Government takes decisions unrelated to Covid-19, drawing criticism from all quartersThe government's decision to form a commission to distribute land to the landless and appoint a top official at Nepal Airlines shows its misplaced priorities, say critics.
After the medical equipment purchase fiasco earlier this month, the KP Sharma Oli administration decided to terminate a deal with a private company and bring in the Nepal Army to do the job.
It has been two weeks since the national defence force was entrusted with the task of signing a government-to-government deal to import medical equipment to fight the Covid-19 pandemic.
The government has so far dispatched letters to five countries asking them for their interest in supplying medical equipment but only China and India have responded so far.
Foreign Minister Pradeep Gyawali has held two rounds of telephonic conversation with his Chinese counterpart Wang Yi and requested that China provide the necessary equipment. But there has been no tangible progress as of now.
The Oli administration, which is facing criticism for its lackadaisical approach and poor handling of the Covid-19 situation, is now drawing flak for its misplaced priorities, as it has been taking a number of non-essential decisions.
These decisions include the formation of a new commission to distribute land to landless people and the appointment of an official at the Nepal Airlines Corporation.
The primary opposition Nepali Congress on Thursday issued a statement, censuring the government for what it called "misplaced priorities".
“At this moment, we need medical equipment. Focus should be on controlling a possible outbreak and providing proper treatment for those who have been infected,” reads the statement issued by the Congress Parliamentary Party. “The opposition party, civil society and all sections of Nepali society have extended support to the government in this time of crisis, but the government does not seem to be working seriously to contain the disease.”
The government on Monday formed the commission and appointed Sushil Ghimire, a former tourism secretary, as executive chairman of Nepal Airlines, a post that had been vacant since January.
Tourism ministry officials have also objected to the Nepal Airlines appointment, saying the government ignored recommendations from various reform committees that the post be filled through open competition.
The government has also moved ahead with its plan to set up a defence university, another decision that many are calling ill-timed.
Finance Minister Yubraj Khatiwada, who is also the government spokesperson, made an announcement regarding the defence university on Monday while making public Cabinet decisions.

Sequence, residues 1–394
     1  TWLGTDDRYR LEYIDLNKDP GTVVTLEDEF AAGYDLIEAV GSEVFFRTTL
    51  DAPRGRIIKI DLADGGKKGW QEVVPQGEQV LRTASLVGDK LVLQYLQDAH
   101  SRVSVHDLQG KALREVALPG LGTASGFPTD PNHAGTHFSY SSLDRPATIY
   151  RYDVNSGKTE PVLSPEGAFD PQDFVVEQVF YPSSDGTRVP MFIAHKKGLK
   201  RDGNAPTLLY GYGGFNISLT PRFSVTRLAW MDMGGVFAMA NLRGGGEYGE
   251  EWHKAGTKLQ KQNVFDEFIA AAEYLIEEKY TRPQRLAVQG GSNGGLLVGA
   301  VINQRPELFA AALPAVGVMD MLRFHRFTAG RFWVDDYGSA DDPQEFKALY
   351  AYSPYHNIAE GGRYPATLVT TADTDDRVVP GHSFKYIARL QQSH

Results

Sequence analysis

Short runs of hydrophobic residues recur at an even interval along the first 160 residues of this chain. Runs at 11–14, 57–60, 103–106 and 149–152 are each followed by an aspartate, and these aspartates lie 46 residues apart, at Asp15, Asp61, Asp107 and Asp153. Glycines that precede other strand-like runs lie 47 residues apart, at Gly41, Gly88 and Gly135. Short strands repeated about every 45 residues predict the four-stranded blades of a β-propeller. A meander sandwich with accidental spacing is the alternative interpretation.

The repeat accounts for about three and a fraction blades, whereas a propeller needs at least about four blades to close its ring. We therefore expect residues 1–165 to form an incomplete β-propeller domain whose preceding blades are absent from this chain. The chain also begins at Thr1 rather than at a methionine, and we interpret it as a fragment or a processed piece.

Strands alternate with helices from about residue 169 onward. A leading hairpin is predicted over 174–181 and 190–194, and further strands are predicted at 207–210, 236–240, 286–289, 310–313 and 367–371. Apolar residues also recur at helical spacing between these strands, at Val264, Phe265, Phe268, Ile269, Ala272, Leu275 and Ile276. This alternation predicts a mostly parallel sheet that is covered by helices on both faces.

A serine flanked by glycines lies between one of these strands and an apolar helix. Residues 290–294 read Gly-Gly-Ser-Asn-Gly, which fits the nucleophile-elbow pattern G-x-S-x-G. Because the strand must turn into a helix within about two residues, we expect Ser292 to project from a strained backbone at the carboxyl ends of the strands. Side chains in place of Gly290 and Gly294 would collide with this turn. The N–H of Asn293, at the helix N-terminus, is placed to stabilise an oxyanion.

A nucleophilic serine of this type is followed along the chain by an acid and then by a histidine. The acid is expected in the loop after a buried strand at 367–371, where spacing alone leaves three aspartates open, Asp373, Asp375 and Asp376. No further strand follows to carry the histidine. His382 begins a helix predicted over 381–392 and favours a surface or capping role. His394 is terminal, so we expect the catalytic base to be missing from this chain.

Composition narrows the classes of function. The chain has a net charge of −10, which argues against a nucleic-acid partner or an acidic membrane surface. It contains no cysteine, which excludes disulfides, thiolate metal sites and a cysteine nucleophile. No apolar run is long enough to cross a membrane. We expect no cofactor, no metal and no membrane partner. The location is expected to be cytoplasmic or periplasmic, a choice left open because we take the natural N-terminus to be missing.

“The government has failed to set its priorities right,” said Govinda Raj Pokhrel, former vice-chairman of the National Planning Commission who led the preparation of the Post Disaster Needs Assessment after the 2015 earthquakes.
“This is not the time to form a commission or fill vacant posts to appease party loyalists. The government should instead pull out all the stops to fight the pandemic," he said. "Treatment, medical supplies and the plight of the poor should be the focus.”
Pokhrel also questioned the government for failing to address the concerns of thousands of Nepali citizens who have been forced to either stay hungry in Kathmandu or walk hundreds of kilometres home.
“Ministers are lazing around in their quarters after imposing the lockdown and people are off to their homes on foot without food and water,” said Pokhrel. “The government has not done any homework on how it is going to address the problems faced by formal and informal service sectors. Instead of the commission for the landless, it should have formed a high-level committee to assess the impact of Covid-19 on the national economy.”
The government decision to form a commission to distribute land to the landless people at this time of crisis has received criticism also because of past incidents where politicians exploited such institutions to provide land to party loyalists and their near and dear ones.
The Nepal Communist Party (NCP) has been censured also for appointing Devi Gyawali, a party loyalist, as the commission chair. Gyawali, a candidate from the then CPN-UML, had lost the Bharatpur mayoral election to Renu Dahal, a Maoist Centre candidate, in 2017. The two parties were then at each other’s throats over the vote count. The two parties merged in May 2018.
Former prime minister Baburam Bhattarai has also criticised the decision to form the new commission, terming it a waste of time and resources.
“I fail to understand why the government is wasting its time and state coffers by forming a new commission,” Bhattarai wrote on Twitter. “If we have to do scientific land reform [which we must do], work plans presented by the Bhim Gautam commission, which was formed during my tenure to implement the recommendations of the commissions led by Haribol Gjurel and Ghanendra Basnet, can be amended and implemented.”
Officials from the Prime Minister’s Office, however, defended the government decisions.
“Some of the decisions regarding the formation of the [land distribution] commission and appointment at the Nepal Airlines were already in the pipeline,” said Surya Thapa, press advisor to Prime Minister Oli. “As far as people walking home is concerned, the government has told everyone to remain where they are.”
Thapa even criticised those who are trying to reach their homes.
“Who told them to defy the lockdown?” said Thapa. “I don’t think that any Nepali is dying from hunger due to the lockdown. They should stop defying the lockdown. The federal government and other tiers of government will take care of them.”